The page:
‘E pur se muove.’ Judt somehow pulled it off. Yes, there are the details of German industrial might and British decline but there are also entire pages given over to Salazar’s interest in ecological politics in Portugal, Greek snafus in Cyprus, Scandinavian eugenics, and Bulgarian show trials. Not only this but Judt jumps back and forth from cultural to economic to political history: with frequent and very welcome references to cinema. He generally avoids all but potted bonsai biographies, save bizarrely with Margaret Thatcher, who he disliked but rated (in terms of importance) just behind De Gaulle.
Judt believed himself to be a great writer, claiming on one occasion that he was among the best in his academic generation. There might be something to this: here we must remember the violence that baby-boomer academics did to the English language in the social ‘sciences’. Judt had better writing values than most of his fellow lecturers. He read eighteenth-century poetry, took prose seriously as an end in itself and fought bloody Jihad against the excesses of cultural history. This all shows on the page. Beach once listened to all 800 pages (an investment of forty five hours) on the bus and Judt’s style is flowing and witty: reading aloud cannot be done with bad writing. There are some slower passages. Statistics are often resorted to. But there are also superb lyrical moments: the final chapter on the memory of the holocaust; and, at least for Beach, the wonderful introduction in Vienna.
Judt has a strange ‘tic’ as a historian and speaks with an unrealistic confidence about things: something Beach has examined on previous occasions. Judt’s hobby horses include the viability of our ruinous welfare state; an overconfidence in the European project; his sensible anti-communism; and an understandable obsession with German atrocities (he was named for a murdered cousin, Toni). Maybe for a large-scale impossibly ambitious history of a continent it is permissible, perhaps necessary to project steely confidence? Or perhaps in his next life Tony will be forced to study Dark Age History in penance.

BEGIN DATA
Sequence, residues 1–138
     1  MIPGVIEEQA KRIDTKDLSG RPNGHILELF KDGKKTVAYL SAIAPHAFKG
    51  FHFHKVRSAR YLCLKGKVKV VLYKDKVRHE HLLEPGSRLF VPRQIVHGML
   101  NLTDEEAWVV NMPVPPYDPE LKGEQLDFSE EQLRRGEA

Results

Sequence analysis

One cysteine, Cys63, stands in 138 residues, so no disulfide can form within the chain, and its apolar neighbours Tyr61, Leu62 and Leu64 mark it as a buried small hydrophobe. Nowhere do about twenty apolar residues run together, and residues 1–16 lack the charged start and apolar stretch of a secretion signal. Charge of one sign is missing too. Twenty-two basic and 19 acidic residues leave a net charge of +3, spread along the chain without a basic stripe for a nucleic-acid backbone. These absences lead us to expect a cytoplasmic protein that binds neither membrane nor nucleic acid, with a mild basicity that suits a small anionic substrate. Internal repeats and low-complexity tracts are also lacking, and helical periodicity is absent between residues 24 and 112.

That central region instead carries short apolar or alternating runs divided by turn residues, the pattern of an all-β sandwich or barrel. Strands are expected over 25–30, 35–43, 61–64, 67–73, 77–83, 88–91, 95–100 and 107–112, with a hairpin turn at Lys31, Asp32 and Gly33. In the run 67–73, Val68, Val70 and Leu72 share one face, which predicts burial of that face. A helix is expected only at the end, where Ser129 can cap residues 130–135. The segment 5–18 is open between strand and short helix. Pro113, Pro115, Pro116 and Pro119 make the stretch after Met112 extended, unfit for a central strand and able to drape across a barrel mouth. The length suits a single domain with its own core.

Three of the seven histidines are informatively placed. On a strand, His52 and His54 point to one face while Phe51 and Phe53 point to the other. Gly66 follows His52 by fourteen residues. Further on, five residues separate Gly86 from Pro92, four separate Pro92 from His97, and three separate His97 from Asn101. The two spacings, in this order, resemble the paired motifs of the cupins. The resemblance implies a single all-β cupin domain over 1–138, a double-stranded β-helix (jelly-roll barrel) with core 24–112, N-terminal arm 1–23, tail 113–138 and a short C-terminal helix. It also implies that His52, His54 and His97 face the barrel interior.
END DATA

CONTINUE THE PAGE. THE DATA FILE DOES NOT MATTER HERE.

Mistakes are few and far between, despite the incredible, incredible decision (was the cancer somewhere at the back of it?) not to include notes and bibliography in the book. Beach, with his only mortal knowledge, counted five errors of fact, or one every two hundred pages. That might be a poor record for infanticide in eighteenth-century Bristol. But it is close to remarkable for someone discussing Albanian communism and De Valera’s Ireland in the same book – most of us don’t manage that in the same lifetime.
Just three years after publication Tony Judt began a descent into one of the most nightmarish neurological illness. It must have been a huge consolation as he lay awake late at night, frozen into his body, writing his last books in his head, that Postwar existed. Not only that, as the first great history written on the postwar period in Europe it set down the boundaries for a new historical field. 1945-1991 might have been obvious and would have emerged without Judt’s diktat. But Judt’s insistence on taking east and west Europe together and his belief in the continuing and central importance of the war have set the tone for those (Dan Stone among them) who came after: Europe was liberated from European Unification and the Cold War and a new territory opened up.
Beach is always on the look out for great books: drbeachcombing At yahoo DOT com